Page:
Friend or foe? Controversy over Iran-Qaeda claim
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Iran has for years faced accusations of cooperation with Al-Qaeda despite stark ideological differences, but while mutual interests may have sometimes converged any relationship has been marked by distrust, analysts say.
US Secretary of State Mike Pompeo's claim -- made just a week before President Donald Trump leaves office -- that Iran was the "new Afghanistan" for Qaeda militants surprised observers, who said there was no evidence of the country being used as a base.
He also stated publicly for the first time that Al-Qaeda's number two, Abdullah Ahmed Abdullah, known as Abu Muhammad al-Masri, was assassinated in Tehran in August, buttressing allegations that Iran has at times offered sanctuary to the extremists.
On paper, Iran and Al-Qaeda are ideological foes -- the former the Persian regional heavyweight guided by Shia Islam, the latter inspired by a militant vision of Sunni Islam and dominated by Arabs.
Tehran has long dismissed claims of links to Al-Qaeda, and Iranian Foreign Minister Javad Zarif accused Pompeo of "ending his disastrous career with more warmongering lies."
Zarif noted that all the militants who carried out Al-Qaeda's 9/11 attacks on the United states came from Pompeo's "favourite ME destinations," a pointed reference to Iran's regional rival Saudi Arabia.
- 'Mutually suspicious' -
Daniel L. Byman, a professor at Georgetown University, described the relationship between Iran and Al-Qaeda as "troubled and mutually suspicious."
"In general, there is cooperation, and Iran does provide some sanctuary," he said, adding that "Iran has put limits on Al-Qaeda even as it has provided a haven".
The New York Times reported that Pompeo succeeded in "bewildering counterterrorism officials" with his comments, with some saying his assertions "appeared to represent his own analytic conclusions" rather than those of US intelligence.
"The relationship between Al-Qaeda and Iran since 9/11 has vacillated between periods of hostility and cautious accommodation," said Bryce Loidolt, a research fellow at the Washington-based Institute for National Strategic Studies.
Pompeo's comments came amid speculation that the Trump administration, in its final days, might go as far as ordering a strike against Iran -- even as incoming president Joe Biden mulls rejoining the 2015 deal on its nuclear programme.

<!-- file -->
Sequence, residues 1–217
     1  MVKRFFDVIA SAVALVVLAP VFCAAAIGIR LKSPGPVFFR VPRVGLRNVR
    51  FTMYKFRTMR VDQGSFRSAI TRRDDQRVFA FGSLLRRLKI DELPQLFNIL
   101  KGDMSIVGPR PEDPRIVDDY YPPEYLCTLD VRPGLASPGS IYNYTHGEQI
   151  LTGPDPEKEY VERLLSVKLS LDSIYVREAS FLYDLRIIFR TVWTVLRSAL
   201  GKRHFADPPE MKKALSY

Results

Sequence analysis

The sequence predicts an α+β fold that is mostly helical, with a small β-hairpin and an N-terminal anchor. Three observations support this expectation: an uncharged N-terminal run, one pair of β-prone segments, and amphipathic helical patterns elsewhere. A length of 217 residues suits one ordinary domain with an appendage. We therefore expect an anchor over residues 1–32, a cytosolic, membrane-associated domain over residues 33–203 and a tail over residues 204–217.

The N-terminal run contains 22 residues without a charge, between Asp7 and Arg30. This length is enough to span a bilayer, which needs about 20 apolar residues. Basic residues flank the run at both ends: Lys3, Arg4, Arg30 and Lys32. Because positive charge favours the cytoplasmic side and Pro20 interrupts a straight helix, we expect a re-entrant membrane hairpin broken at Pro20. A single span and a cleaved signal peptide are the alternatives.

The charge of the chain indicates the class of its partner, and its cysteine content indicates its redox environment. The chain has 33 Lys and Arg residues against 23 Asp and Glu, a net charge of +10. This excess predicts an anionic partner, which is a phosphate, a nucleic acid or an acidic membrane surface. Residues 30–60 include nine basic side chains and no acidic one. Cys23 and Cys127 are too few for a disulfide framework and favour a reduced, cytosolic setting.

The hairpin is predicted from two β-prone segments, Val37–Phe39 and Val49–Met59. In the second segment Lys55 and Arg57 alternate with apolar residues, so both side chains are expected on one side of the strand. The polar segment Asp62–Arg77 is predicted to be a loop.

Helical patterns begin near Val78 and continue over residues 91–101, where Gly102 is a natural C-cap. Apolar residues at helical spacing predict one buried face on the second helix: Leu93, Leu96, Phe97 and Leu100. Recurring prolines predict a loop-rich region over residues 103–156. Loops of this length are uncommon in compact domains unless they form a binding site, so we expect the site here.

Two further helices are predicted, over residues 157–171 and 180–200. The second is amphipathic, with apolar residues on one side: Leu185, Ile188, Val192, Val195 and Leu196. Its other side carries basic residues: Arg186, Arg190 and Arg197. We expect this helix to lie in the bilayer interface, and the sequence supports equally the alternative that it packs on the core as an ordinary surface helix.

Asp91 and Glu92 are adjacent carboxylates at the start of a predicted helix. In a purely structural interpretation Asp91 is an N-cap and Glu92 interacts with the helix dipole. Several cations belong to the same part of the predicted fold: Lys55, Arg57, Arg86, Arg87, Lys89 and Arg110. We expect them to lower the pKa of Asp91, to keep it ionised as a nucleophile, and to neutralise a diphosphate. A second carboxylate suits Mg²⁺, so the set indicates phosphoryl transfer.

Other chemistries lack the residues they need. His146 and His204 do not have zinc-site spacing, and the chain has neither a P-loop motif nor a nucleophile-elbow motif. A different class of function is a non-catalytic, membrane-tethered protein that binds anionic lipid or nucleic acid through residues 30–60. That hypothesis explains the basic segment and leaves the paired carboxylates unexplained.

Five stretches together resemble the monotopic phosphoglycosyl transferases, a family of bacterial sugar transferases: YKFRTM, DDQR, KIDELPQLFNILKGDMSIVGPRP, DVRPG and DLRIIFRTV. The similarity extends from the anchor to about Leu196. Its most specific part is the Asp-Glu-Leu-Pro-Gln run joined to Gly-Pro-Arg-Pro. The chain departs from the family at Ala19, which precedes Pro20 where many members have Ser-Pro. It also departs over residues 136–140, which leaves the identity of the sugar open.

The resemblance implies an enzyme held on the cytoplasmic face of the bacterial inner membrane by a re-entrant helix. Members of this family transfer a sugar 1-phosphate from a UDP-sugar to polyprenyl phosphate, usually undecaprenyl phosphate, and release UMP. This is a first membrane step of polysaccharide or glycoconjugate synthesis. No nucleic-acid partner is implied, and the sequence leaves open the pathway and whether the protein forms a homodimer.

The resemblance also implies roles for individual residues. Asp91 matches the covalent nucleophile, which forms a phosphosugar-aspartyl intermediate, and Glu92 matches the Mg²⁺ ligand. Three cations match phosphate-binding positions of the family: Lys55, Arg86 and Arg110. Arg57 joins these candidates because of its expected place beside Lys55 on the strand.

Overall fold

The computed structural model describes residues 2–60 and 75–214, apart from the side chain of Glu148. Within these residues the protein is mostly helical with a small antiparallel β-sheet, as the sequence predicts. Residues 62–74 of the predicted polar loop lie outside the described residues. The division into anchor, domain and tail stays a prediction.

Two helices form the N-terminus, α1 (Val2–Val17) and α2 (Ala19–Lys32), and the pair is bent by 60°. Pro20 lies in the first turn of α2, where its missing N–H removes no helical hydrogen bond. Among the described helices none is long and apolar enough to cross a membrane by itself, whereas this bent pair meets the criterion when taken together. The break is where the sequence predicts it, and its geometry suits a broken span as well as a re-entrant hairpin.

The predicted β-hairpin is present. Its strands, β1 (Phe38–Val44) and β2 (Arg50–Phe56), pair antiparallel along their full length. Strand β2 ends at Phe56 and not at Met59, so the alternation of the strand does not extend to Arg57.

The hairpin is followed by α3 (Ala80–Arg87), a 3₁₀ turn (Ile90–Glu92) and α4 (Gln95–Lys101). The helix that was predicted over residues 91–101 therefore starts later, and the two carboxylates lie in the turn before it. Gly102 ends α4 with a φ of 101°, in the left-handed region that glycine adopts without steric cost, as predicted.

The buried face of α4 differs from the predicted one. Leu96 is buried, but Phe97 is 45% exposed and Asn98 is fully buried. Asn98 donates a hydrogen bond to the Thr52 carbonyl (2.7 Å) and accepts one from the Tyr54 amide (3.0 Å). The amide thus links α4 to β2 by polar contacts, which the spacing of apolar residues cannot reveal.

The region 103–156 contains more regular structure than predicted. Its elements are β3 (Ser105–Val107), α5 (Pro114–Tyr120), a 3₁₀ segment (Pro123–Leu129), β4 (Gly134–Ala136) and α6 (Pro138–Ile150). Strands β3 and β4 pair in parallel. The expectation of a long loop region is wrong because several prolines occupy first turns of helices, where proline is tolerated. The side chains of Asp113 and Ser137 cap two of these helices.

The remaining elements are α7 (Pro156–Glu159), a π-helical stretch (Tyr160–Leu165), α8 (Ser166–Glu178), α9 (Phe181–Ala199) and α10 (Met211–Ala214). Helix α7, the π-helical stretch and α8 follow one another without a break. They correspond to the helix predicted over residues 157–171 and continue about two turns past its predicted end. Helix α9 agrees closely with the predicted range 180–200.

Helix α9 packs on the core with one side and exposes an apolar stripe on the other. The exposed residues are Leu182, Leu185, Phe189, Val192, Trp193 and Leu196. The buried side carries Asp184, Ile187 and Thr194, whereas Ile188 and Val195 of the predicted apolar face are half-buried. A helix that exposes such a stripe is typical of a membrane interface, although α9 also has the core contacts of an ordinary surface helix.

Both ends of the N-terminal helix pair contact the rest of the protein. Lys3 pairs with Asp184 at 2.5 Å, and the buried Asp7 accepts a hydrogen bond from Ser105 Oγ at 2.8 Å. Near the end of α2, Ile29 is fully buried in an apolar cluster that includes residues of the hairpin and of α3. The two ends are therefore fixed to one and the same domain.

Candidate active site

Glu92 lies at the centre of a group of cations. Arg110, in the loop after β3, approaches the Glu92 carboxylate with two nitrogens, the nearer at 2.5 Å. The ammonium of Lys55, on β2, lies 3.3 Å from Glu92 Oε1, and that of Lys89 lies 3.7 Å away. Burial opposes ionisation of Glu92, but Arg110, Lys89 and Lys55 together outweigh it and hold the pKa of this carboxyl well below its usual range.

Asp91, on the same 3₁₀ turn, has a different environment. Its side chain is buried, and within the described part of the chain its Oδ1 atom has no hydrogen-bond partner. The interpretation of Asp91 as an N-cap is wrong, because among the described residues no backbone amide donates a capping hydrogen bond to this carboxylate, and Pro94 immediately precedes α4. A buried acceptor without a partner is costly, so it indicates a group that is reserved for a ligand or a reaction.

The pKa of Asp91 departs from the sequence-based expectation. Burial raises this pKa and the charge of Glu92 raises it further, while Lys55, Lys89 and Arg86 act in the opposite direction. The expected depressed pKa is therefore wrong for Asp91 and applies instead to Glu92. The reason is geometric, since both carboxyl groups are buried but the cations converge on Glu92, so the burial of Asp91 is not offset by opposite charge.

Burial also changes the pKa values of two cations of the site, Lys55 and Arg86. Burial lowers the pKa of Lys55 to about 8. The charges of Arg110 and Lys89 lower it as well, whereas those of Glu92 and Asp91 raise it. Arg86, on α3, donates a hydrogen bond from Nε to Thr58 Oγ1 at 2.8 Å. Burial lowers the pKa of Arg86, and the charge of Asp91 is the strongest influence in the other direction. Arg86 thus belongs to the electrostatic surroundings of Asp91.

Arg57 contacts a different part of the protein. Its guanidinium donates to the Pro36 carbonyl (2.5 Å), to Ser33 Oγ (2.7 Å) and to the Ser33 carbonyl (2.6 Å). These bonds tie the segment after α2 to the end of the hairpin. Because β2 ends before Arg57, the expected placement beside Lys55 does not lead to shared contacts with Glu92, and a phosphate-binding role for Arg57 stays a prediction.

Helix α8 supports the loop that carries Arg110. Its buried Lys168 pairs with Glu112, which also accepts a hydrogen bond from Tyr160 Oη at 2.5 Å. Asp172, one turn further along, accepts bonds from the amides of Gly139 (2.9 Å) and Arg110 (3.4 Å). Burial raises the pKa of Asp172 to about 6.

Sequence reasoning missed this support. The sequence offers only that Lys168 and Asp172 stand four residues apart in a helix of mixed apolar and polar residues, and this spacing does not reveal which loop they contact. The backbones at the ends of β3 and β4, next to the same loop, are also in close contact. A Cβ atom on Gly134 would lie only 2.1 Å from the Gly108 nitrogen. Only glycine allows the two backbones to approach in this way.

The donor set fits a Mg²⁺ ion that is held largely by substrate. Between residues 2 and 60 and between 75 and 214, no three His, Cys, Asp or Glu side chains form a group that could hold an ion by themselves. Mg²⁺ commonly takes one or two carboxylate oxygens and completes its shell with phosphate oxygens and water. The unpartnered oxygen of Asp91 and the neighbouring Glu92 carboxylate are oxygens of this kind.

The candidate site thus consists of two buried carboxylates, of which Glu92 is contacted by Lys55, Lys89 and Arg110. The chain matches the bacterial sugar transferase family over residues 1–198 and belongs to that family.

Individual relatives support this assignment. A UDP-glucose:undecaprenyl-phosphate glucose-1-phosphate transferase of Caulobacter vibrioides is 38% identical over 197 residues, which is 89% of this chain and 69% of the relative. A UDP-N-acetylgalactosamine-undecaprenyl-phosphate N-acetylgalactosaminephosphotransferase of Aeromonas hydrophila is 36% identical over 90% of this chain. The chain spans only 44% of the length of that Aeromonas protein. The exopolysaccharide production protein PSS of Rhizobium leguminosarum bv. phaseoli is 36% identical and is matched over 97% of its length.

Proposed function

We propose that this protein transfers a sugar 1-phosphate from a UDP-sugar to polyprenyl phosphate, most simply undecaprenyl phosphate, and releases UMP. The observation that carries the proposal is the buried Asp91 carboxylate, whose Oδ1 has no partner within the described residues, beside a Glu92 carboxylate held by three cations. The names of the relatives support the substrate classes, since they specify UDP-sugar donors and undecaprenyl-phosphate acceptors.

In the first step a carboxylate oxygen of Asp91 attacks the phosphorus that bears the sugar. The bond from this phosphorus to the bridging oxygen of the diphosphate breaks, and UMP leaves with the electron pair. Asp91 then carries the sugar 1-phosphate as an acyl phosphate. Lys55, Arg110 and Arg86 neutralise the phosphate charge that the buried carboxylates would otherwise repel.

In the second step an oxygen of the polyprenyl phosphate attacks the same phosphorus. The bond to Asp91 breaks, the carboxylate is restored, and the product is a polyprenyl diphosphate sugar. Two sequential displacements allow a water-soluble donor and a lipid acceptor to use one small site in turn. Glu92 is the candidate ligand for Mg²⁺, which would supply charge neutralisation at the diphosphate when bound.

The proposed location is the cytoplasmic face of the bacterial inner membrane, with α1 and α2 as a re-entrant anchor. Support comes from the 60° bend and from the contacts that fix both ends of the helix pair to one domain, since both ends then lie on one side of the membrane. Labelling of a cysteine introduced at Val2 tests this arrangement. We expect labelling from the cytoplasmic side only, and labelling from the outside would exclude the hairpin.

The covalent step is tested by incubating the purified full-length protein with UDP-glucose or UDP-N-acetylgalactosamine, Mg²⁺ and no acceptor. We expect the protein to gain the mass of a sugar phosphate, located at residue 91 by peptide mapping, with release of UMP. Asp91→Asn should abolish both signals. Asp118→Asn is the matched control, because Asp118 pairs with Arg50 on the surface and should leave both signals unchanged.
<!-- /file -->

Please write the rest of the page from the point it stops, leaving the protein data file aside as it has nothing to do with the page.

Some analysts, citing intelligence data including the documents found in Osama bin Laden's final hiding place in Pakistan, argue that contacts have existed between Al-Qaeda and Iran for decades.
But the most significant Iranian help was to offer sanctuary for militant leaders just across the border from Afghanistan, and the closeness of ties has depended on the political climate.
The killing of Abdullah in Tehran, reportedly carried out by Israel's Mossad agents at the behest of the United States -- though this was not confirmed by Pompeo -- has also thrown new light on the alleged presence of Qaeda members in Iran.
After 9/11 many Al-Qaeda cadres from Afghanistan did seek refuge in Iran but it was never an easy relationship, Loidolt said, leading up to a wave of arrests in 2002 and 2003.
"Iranian willingness to tolerate the presence of Al-Qaeda members did not come without conditions," Loidolt wrote in an article for the Studies in Conflict and Terrorism journal.
- 'Way too valuable' -
Assaf Moghadam, associate professor at the Interdisciplinary Center Herzliya (IDC) in Israel, described the relationship as "tactical cooperation."
"Offering a safe haven to Al-Qaeda members in Iran does not only give Iranians a potential option to threaten the United States, but it has also worked as an insurance against Al-Qaeda attacks directed in Iran," he said.
Especially with the US administration changing, he said, Iran will not want to give up an "Al-Qaeda card" that has proved "way too valuable" for Iranian leaders in the past.
Moghadam has himself argued that relations have existed between Iran and Ayman Al-Zawahiri, Al-Qaeda's top idealogue and Bin Laden's successor, since the 1990s.
In 2015, a US court found Iran liable over the 2000 Al-Qaeda bombing of the USS Cole warship in Yemen, saying Tehran had helped build its network in the country and supported training in the region.
But beyond these episodes of cooperation, the relationship has remained one of hostility and distrust.
"This is held together not by trust but by mutual threat and the ability of each side to harm the other if they break out of the agreed guidelines of the relationship," said Barak Mendelsohn, an associate professor at Haverford College in Pennsylvania.
Byman said Iran could even be prepared to hand over Al-Qaeda operatives to the US to face justice if tensions eased, but said this was clearly unlikely given the current tensions between the two countries.
Depending on the political climate, Iran "would be happy to sell out Al-Qaeda, but only for the right price," Byman said.
© 2021 AFP